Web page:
The Rise and Fall of Squatbot 🤖

How a spreadsheet, a few no-code data pipelines, and some healthy peer pressure can keep you 💪 doing a pandemic

With gyms shuttered during the pandemic, in July 2020 my friends and I were looking for ways to keep our fitness up while sheltered-in-place. What started as a friendly pushup challenge quickly spun out of control into a 25 day experimental fitness app called Squatbot.

Squatbot coached us to 10k pushups over the course of the month before ultimately ending in disaster. This is Squatbot's story and the lesson we learned along the way.

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Problem: "Leg Day is Cancelled Until Vaccine"

It was hard to see the problem at first. Everything seemed fine in March when shelter-in-place went into effect (excluding the global pandemic, widespread unemployment, and continued racial injustice in America, of course). Stay inside for a few weeks, don't see your friends or family, figure out how to work from home.

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The boredom started to hit after the first week. You can only clean your apartment so many times. Should we adopt a dog? We did. Should we bake sourdough? We did. But...then what? What were we going to do? How long was this going to last?

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Paired with the boredom was the isolation. Did I still know how to interact with other humans? Zoom calls with friends became indecipherable from work meetings. Another Pechakucha? Felt like I just finished my last presentation on the History of Cole Slaw.

Finally, the slow decay of our bodies started to catch up with us. Going from a fairly active lifestyle to locked down in a small apartment — eating comfort food 24/7 — had not been good for the waistline. Walking down the stairs to pick up our mail started to feel harder and harder. I was melting into my couch — wasting away, physically and mentally.

MVP: Random Fitness Challenge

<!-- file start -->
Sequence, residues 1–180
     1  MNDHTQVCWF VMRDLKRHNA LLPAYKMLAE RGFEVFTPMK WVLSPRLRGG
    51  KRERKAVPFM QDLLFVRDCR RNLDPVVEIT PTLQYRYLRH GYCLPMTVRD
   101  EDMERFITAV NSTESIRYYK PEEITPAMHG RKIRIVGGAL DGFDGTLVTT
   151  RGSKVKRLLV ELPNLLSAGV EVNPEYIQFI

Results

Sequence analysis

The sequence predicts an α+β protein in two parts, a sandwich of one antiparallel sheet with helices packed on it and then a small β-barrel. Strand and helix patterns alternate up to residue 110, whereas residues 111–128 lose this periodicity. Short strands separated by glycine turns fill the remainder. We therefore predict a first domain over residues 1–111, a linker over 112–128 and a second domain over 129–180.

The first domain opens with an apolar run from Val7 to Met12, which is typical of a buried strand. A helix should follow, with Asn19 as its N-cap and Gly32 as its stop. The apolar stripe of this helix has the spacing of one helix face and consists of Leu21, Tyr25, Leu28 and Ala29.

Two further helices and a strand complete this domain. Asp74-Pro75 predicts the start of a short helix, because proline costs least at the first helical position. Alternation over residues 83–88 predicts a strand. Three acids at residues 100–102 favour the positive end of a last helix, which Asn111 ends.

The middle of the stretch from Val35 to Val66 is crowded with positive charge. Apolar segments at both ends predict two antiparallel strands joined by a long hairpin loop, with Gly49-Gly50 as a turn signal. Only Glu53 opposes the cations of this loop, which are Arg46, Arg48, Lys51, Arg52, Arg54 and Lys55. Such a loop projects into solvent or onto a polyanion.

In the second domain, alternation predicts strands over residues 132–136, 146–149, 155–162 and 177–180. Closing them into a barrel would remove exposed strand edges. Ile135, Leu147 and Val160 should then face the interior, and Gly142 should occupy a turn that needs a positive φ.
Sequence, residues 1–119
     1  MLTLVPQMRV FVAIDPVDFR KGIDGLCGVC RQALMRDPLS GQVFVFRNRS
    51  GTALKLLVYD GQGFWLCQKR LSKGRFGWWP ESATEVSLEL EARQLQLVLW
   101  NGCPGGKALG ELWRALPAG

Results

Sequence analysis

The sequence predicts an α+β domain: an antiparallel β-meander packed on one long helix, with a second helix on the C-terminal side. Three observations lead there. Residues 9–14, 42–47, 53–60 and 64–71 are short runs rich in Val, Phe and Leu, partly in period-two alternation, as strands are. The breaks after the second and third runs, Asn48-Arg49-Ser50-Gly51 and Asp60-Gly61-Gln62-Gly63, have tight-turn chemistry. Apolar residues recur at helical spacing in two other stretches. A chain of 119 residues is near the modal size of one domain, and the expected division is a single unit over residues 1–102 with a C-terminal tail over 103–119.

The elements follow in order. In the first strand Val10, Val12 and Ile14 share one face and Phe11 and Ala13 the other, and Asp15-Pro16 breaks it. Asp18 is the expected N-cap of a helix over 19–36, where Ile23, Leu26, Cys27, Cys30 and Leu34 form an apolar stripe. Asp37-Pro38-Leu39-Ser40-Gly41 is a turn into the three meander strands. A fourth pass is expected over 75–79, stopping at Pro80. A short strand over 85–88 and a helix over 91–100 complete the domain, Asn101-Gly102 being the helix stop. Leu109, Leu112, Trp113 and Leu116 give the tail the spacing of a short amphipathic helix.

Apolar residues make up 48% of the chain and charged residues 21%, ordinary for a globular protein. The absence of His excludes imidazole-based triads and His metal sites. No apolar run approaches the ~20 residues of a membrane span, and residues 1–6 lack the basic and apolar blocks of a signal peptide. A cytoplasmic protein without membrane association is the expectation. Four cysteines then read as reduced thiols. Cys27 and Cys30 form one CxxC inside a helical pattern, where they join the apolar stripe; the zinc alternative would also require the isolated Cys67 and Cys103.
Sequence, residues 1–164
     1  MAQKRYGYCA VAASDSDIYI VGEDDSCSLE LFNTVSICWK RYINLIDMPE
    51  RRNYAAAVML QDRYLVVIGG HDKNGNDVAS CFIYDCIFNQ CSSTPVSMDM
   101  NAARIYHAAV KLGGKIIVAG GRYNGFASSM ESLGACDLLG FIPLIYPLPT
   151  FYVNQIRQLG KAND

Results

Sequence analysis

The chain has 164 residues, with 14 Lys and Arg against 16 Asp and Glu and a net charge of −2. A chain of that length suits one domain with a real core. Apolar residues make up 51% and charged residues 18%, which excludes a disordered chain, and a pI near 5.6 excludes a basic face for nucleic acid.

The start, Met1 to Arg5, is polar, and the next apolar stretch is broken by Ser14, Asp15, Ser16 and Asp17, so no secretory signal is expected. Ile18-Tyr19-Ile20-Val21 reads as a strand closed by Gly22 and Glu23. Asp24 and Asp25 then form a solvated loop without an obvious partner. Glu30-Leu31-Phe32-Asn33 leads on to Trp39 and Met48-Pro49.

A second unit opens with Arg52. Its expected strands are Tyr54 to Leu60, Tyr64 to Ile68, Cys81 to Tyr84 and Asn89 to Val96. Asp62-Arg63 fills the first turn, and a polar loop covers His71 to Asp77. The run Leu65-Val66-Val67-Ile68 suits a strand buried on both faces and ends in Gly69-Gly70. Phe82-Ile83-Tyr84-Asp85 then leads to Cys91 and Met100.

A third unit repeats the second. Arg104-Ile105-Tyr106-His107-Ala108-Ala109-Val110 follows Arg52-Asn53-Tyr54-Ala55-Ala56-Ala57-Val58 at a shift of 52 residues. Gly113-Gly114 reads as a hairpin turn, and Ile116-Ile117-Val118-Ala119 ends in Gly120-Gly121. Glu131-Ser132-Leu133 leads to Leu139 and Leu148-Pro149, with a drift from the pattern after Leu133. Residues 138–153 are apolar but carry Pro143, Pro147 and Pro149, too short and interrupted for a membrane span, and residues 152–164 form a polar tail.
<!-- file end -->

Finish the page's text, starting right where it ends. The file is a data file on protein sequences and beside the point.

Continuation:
Our first attempt to solve these problems was via a group text thread. Fire off a random challenge to your friends and see who bites.

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Aha! There was some market demand. People were feeling the same way as I.

This reeked of opportunity.

Squatbot v0: Google Forms & Spreadsheet

That initial text exchange laid the groundwork for Squatbot, a way to physically compete with friends while safely sheltered-in-place.

There were a few key design principles for the first version of Squatbot...

We started with a daily pushup challenge. Every week, we'd add +10 more pushups to the daily amount. Participants could submit their pushups via a Google Form as they were completed throughout the day.

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The form then populated a spreadsheet that tracked our progress:

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Squatbot v1: Closing the Peer Pressure Loop

There were two problems we ran into with the first iteration. First, it was pretty annoying to fill out the form. Too much friction to find the link and fill out a few fields.

The second was that the challenge was easy to forget about. There were nights where I'd remember right before bed that I hadn't completed the challenge when I really didn't want to get on to the ground and start doing pushups.

The third was that we were getting burnt out from doing all these pushups.

So we made a few changes in v1...

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Under the hood, v1 was powered by Twilio, Google Sheets, and two Zapier Zaps...

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It was incredibly motivating. Getting an update that your friends had gotten off the couch to do pushups made us want to do the same. Day after day, set after set.

We were feeling sore. We were feeling healthier.

Squatbot's Fiery Demise 🔥🤖🔥

Over the course of July, Squatbot coached us to 10k cumulative pushups. It temporarily cured some quarantine boredom, and all participants completed the daily challenge for 25 straight days.

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However, Squatbot met it's fiery demise on July 23rd, 2020.

After a shall-not-be-named participant (me) failed to complete the daily challenge, the premise of Squatbot soon broke down. Soon the other participants fell off the wagon. Why should we be doing pushups if {Unnamed Participant} is not? Why should I continue now that I've missed a day and our glorious streak has been broken?

The texts stopped rolling in from our fitness robot friend. Squatbot was dead.

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The challenge of Squatbot was pretty simple. How do you get a group of (remote) people to take an action they all know they should take, but are not doing consistently? How can digital tools create incentive systems to get people to make healthier choices? And maybe have some fun in the process?

There are a few reflections from the rise and fall of Squatbot...

Thanks to Nate and Jason for helping name, design and participate in this social experiment